A growing number of people who may have come in close contact with someone who has coronavirus are being told to self-quarantine. The Centers for Disease Control and Prevention says if after two weeks, you don't have any symptoms, you should be in the clear.
But self-quarantining can be a challenge for anyone who lives in close quarters with others.
"It's hard and it's confusing," said Jessica Haller, who lives in the Bronx and has been home with her four kids since last Tuesday. They're under precautionary quarantine after a case of coronavirus was confirmed in their school.
"We didn't really receive guidance about what to do," she said.
CBS News medical contributor Dr. Tara Narula shared tips for anyone who needs to self-quarantine with CBS News correspondent Vladimir Duthiers. Here is her advice:
Look for unexpected places where contagion can spread andthem
"You want to be aware of high-touch surfaces — things that you touch over and over again whether that's the faucet handle, whether that's a countertop where you're preparing food, the refrigerator door, and all of these things you should be disinfecting," Narula said.
Use your own dishware, utensils and cups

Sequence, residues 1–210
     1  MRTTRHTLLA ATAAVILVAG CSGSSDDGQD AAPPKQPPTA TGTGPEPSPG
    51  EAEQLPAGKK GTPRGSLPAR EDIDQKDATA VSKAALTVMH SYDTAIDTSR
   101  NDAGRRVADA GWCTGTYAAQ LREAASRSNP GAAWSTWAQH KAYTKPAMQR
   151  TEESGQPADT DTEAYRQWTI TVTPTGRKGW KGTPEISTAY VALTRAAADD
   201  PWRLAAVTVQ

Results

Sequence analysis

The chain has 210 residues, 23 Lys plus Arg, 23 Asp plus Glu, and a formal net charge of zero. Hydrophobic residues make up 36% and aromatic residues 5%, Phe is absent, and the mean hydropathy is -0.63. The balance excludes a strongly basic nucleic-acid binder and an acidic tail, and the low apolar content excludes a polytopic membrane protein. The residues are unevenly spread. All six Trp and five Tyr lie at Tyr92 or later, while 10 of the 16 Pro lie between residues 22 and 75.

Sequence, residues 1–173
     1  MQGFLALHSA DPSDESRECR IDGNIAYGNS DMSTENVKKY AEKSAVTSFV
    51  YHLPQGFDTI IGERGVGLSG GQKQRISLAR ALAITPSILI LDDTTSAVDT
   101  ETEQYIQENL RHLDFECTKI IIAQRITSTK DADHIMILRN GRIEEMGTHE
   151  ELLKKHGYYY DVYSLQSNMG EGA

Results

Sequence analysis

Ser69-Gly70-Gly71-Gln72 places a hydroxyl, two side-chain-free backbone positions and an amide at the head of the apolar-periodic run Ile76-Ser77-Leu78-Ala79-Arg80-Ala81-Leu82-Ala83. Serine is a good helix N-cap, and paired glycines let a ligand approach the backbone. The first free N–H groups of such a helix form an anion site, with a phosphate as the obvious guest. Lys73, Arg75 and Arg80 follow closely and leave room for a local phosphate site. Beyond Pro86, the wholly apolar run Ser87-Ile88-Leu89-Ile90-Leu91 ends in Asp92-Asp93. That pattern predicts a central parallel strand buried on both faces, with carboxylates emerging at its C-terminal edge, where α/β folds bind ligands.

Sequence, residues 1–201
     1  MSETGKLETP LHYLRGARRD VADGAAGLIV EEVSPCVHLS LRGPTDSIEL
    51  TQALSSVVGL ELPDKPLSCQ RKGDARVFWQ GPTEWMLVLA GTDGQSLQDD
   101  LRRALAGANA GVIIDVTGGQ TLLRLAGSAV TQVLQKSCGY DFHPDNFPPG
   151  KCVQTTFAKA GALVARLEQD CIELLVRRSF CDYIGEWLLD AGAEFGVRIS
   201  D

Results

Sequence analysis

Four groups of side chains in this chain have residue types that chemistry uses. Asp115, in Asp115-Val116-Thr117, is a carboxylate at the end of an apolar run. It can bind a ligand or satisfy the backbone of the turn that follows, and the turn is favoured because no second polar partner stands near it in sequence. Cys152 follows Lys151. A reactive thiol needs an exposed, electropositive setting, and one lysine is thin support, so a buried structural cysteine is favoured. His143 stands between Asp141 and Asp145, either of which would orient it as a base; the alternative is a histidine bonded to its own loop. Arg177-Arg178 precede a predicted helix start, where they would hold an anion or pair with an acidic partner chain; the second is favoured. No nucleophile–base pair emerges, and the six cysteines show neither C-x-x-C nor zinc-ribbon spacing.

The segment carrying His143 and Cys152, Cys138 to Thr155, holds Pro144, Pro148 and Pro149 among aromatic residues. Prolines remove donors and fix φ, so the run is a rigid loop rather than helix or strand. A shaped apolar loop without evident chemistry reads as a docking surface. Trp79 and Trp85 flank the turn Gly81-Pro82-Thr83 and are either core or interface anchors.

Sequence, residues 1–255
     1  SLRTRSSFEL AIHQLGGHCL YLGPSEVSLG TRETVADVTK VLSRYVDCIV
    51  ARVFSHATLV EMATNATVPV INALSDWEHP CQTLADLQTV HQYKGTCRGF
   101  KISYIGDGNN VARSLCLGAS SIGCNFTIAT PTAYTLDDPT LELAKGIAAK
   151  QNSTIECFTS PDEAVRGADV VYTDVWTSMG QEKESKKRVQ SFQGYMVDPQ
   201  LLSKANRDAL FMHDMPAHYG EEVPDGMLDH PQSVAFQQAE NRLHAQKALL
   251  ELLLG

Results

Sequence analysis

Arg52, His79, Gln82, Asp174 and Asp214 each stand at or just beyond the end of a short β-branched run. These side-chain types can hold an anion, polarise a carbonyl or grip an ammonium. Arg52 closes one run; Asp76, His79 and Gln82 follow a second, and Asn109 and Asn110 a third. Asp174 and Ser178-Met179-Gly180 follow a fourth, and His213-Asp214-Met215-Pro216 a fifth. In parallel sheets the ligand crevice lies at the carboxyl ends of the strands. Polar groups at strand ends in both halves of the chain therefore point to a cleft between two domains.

"Maybe pick a couple that you're just going to use for those 14 days that are your own," she said.
Disinfect all devices
"All of those remotes need to be wiped down. Also iPads, iPhones, any sort of devices that you're using. You're going to want to wipe it down as well," Narula said.
Open windows if you can
"It's helpful to keep the room well ventilated and the air circulating, so if you do live in a place that you can open the windows, it's not too cold out, that would be one other thing to think about doing," she said.
Don't share towels
Narula said the person who may be sick shouldn't share towels with other people in their home.
Don't interact with delivery people
Leave the money outside and then pick up the food or packages after they leave, Narula recommended.
Stock up on essential medications
Narula said to make sure you have at least a two-week supply of any necessary medications.
Haller, the Bronx resident in self-quarantine, said she is trying to keep her home clean. "We're trying to keep germs away as best as we can," she said.
For now, the family is also using FaceTime to communicate with the kids' grandpa, who was recently released from the hospital for another illness.
"We cannot come near him. The kids can't come near him. I probably shouldn't either," Haller said.
They don't know for sure when they'll return to school.
"I'm really worried about where this ends. I don't know where this ends," Haller said.
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